COLLINS: There's obviously very little room for it in the Christian fundamentalist worldview to which he is exposed and to which he ascribes. But even before he becomes involved with Raina he reacts with discomfort and disgust to the mass singalongs at Bible camp -- he seems to see art as solitary rather than communal, and that's a separate issue from how drawing a naked lady makes Jesus cry or how his Sunday school teacher said he couldn't possibly glorify God by drawing his creation since God already drew it. And then later, with Raina, as much as she's his muse, when he's with her he doesn't want to draw at all, since her existence is a superior substitute for the act of making art. Perhaps going back and making a 600-page comic about it all was his way of reassuring himself that art and life need not be at odds, that art can be an important part of life. You see that, a bit, when he tries to reconnect with Phil and encourages him to never stop drawing. He heeded his own advice, I guess. I mean, you can't read the last few pages and the captions about "How satisfying it is to leave a mark on a blank surface" without thinking about how he'd just done exactly that 580 times.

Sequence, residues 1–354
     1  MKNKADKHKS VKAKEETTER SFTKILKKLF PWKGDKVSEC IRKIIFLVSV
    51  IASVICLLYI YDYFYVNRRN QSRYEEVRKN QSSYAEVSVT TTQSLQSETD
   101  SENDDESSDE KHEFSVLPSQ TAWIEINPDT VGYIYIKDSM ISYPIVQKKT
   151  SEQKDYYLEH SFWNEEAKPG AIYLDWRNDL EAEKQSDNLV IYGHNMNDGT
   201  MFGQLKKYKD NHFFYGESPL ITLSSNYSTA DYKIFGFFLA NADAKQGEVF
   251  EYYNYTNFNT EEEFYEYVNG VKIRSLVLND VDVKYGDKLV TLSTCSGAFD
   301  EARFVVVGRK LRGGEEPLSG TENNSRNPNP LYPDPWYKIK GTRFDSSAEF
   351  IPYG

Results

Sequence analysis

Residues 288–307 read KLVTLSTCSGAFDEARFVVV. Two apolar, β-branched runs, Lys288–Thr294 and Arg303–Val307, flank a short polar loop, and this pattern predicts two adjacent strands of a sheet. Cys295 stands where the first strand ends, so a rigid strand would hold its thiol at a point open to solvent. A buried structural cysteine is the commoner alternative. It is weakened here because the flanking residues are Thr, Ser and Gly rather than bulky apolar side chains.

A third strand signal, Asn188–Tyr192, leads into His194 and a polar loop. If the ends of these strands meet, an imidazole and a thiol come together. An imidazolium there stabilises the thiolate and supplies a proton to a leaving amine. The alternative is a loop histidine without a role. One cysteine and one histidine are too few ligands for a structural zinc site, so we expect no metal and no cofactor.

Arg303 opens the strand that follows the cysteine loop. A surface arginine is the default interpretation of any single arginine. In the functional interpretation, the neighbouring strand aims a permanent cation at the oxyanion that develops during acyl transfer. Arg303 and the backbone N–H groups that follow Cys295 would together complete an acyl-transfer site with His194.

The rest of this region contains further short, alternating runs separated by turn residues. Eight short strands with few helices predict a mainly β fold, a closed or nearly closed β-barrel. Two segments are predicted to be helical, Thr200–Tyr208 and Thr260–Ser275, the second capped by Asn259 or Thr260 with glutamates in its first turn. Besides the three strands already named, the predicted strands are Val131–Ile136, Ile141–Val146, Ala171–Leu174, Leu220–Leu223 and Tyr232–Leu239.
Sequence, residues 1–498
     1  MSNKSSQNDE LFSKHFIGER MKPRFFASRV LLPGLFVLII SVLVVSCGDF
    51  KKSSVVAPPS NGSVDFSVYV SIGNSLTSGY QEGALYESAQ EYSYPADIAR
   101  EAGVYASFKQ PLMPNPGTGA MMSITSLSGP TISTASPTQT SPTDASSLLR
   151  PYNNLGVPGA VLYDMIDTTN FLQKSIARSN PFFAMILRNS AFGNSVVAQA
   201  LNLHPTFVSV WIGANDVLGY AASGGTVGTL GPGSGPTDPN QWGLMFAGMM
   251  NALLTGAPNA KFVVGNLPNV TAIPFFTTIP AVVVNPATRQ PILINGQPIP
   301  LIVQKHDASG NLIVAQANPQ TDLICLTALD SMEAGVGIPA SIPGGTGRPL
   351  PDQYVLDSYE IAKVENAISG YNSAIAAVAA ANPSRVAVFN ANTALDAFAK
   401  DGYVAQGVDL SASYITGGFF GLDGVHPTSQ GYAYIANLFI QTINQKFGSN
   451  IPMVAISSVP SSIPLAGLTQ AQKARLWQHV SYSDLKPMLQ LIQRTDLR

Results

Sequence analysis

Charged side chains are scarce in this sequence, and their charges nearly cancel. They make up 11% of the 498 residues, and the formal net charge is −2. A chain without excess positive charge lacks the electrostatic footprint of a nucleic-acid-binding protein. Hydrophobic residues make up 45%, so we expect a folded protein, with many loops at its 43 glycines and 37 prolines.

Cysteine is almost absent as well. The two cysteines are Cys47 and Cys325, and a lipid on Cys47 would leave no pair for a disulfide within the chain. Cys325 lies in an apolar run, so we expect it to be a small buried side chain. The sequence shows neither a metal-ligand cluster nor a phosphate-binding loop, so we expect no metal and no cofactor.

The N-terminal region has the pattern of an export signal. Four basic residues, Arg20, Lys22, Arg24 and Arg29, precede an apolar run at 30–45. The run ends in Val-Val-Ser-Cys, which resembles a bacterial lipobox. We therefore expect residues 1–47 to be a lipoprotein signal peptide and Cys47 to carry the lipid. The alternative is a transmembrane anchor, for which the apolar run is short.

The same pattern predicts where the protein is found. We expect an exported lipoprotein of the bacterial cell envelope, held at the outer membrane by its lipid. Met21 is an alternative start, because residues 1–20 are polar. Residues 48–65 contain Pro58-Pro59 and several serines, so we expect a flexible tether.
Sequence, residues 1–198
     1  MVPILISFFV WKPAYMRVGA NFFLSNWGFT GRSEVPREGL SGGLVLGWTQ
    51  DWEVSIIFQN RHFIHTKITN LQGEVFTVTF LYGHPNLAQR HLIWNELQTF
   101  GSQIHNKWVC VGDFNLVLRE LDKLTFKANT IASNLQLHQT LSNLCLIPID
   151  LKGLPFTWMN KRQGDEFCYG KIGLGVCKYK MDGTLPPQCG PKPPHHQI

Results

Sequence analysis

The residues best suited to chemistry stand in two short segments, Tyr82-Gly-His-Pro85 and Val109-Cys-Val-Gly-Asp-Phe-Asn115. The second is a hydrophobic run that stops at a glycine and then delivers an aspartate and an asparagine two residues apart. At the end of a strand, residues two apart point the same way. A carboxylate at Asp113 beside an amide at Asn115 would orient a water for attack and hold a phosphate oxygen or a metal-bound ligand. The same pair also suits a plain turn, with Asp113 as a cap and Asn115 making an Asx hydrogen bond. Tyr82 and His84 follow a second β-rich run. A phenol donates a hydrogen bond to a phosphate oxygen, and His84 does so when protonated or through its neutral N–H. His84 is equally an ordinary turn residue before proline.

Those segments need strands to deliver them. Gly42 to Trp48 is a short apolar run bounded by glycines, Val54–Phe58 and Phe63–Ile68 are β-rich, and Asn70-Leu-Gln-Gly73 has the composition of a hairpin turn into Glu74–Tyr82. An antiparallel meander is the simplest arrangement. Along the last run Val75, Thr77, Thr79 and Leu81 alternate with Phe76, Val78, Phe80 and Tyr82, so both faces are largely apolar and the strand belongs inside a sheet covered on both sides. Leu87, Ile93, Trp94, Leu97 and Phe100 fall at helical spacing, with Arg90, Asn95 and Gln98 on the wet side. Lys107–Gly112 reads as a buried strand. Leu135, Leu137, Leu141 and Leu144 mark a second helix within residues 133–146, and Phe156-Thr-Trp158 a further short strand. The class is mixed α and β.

SPURGEON: I think people tend to conceive of Blankets in terms of at the book's evocative, romantic middle rather than its last third. It's not always what Thompson thinks about the experience in its entirety, and that's to his credit, but what do you take away when you look at the book as a whole rather than breaking it down to its admittedly lovely parts?